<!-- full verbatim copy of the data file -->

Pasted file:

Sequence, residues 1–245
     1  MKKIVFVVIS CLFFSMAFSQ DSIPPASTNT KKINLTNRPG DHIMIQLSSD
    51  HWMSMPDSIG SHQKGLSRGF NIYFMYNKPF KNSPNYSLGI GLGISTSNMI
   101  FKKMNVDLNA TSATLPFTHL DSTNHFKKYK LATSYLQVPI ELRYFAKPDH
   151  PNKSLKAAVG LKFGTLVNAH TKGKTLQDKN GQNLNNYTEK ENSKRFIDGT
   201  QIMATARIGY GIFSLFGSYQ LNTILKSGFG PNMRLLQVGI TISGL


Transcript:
Sequence, residues 1–245
     1  MKKIVFVVIS CLFFSMAFSQ DSIPPASTNT KKINLTNRPG DHIMIQLSSD
    51  HWMSMPDSIG SHQKGLSRGF NIYFMYNKPF KNSPNYSLGI GLGISTSNMI
   101  FKKMNVDLNA TSATLPFTHL DSTNHFKKYK LATSYLQVPI ELRYFAKPDH
   151  PNKSLKAAVG LKFGTLVNAH TKGKTLQDKN GQNLNNYTEK ENSKRFIDGT
   201  QIMATARIGY GIFSLFGSYQ LNTILKSGFG PNMRLLQVGI TISGL